i-gel® from Intersurgical: clinical evidence listing

A comprehensive list of all known published clinical evidence on the device

Are nurses able to perform blind intubation? Randomized comparison of I-gel and laryngeal mask airway

Ladny JR, Bielski K, Szarpak L, Cieciel M, Konski R, Smereka J. Am J Emerg Med. 2017 May; 35(5): 786-787

Manikin study to assess effectiveness of blind intubation through the i-gel, LMA Classic and a standard cuffed tracheal tube, performed by 34 nurses in CPR conditions across two scenarios (with and without chest compressions). Primary measure was time to intubation. i-gel recorded a lower median time to intubation and higher, statistically significant, successful insertion rates in both scenarios. Performing compressions doesn't significantly affect time to perform blind intubation in this setting, but reduces the effectiveness of first intubation attempt. i-gel was faster in both scenarios.

Link to abstract.

Comparison of the Macintosh laryngoscope and blind intubation via the iGEL for intubation with cervical spine immobilization: A randomized, crossover, manikin trial

Gawlowski P, Smereka J, Madziala M, Szarpak L, Frass M, Robak O. Am J Emerg Med. 2017 Mar; 35(3): 484-487.

Paramedics performed standard intubation and blind intubation in three airway scenarios. Results show that blind intubation with the i-gel was superior to ETI performed by paramedics.

Link to abstract.

Tracheal intubation through I-gel performed during simulated cardiopulmonary resuscitation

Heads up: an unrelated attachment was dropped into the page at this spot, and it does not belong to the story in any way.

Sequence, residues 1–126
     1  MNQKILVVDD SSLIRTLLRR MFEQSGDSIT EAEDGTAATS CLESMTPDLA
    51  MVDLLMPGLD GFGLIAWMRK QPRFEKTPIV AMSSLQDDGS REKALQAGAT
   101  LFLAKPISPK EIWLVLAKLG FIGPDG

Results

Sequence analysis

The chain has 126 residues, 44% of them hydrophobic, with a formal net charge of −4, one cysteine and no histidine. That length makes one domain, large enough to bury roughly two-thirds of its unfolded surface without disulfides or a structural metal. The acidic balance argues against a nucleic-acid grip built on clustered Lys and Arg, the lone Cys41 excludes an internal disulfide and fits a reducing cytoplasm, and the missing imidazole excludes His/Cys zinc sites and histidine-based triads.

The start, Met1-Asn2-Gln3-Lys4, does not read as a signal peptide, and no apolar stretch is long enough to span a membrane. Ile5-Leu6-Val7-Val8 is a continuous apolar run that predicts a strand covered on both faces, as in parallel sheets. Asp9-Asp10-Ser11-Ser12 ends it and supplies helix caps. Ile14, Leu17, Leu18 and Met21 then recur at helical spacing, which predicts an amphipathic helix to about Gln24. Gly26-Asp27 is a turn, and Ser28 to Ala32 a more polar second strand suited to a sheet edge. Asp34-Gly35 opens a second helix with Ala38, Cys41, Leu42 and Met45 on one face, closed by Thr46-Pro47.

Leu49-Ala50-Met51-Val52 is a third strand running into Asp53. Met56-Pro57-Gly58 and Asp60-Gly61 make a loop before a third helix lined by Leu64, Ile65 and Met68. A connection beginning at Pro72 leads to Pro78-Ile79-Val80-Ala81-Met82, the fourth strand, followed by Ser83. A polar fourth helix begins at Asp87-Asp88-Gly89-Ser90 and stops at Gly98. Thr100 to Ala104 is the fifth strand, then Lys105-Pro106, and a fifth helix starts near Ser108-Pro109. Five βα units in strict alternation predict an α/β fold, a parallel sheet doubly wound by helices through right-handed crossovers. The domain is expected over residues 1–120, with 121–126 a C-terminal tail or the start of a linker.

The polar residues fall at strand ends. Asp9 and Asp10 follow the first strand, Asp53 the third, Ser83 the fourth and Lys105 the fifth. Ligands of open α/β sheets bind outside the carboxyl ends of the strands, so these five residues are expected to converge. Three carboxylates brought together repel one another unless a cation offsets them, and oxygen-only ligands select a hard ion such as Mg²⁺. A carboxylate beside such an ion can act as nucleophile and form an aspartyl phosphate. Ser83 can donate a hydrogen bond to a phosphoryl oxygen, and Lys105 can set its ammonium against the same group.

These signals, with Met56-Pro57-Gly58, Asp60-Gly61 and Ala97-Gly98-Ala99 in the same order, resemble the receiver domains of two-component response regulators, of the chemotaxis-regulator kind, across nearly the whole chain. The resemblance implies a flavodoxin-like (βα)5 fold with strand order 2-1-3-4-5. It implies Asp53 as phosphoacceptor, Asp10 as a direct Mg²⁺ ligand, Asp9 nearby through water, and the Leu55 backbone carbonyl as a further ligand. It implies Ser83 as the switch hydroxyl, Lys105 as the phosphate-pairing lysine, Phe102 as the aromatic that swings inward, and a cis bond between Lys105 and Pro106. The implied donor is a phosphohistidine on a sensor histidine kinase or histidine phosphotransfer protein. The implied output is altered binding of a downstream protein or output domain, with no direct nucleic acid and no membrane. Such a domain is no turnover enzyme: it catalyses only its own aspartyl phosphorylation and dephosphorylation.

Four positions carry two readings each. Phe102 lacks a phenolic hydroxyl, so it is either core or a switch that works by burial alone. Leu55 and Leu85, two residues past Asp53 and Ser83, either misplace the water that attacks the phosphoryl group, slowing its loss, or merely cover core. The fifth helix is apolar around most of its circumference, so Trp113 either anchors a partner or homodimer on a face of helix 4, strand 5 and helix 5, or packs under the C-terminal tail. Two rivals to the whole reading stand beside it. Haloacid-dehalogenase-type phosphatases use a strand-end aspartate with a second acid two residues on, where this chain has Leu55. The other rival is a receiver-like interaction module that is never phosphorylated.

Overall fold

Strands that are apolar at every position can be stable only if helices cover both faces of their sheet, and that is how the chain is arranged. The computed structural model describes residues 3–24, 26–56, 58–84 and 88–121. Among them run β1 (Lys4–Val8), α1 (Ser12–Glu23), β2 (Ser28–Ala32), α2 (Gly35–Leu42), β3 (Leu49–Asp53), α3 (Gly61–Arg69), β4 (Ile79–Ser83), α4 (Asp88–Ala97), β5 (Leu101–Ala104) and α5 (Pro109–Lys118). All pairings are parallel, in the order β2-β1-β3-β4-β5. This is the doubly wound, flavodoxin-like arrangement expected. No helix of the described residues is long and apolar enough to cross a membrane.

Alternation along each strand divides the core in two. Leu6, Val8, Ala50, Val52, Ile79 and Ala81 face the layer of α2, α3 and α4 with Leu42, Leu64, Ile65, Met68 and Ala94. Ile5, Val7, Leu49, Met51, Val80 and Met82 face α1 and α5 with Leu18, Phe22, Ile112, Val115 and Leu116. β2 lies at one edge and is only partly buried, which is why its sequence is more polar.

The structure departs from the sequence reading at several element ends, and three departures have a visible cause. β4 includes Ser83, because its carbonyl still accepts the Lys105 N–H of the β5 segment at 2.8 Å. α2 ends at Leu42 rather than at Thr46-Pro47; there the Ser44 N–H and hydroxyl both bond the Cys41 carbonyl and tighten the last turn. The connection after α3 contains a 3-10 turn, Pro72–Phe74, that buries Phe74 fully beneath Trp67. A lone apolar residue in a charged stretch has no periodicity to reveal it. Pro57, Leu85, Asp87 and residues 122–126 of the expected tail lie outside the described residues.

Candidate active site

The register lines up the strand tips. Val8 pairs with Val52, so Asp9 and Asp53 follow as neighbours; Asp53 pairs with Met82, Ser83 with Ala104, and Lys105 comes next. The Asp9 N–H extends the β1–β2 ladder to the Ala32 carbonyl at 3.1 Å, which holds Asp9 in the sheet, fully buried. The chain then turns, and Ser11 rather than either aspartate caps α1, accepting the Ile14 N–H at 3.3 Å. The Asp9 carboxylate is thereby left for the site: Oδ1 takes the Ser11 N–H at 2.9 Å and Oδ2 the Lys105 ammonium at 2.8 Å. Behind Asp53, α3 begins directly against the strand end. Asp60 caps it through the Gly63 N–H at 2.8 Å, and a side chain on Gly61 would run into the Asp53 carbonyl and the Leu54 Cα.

Wojewodzka-Zelezniakowicz M, Majer J. Am J Emerg Med. 2017 Jan 16.

Manikin study to compare the efficacy of ETI performed by 27 nurses using the i-gel as a guide with/without chest compressions. Results showed that in this scenario, nurses were able to perform blind intubation using the i-gel with 'high efficiency'.

Link to abstract.

I-gel O2 resus pack, a rescue device in case of severe facial injury and difficult intubation

Baratto F, Gabellini G, Paoli A, Boscolo A. Am J Emerg Med. 2017 Jan 26

Report of two cases of attempted suicide by firearm managed with the use of the i-gel O2 Resus Pack. In both patients, laryngoscopy attempts failed before an i-gel was inserted and either fibreoptic-assisted intubation or fibreoptic bronchoscopy were performed. Authors conclude that the i-gel's properties mean the device could easily be used by untrained rescuers and might perform an important role during out-of-hospital emergency.

Link to abstract.

i-gel as alternative airway tool for difficult airway in severely injured patients

Häske D, Schempf B, Niederberger C, Gaier G. Am J Emerg Med. 2016;34(2):340

Report of two cases where i-gel was successfully used in a prehospital setting on patients with severe head and neck trauma. Authors suggest that, on evidence, i-gel is an 'appropriate primary airway tool'.

Link to abstract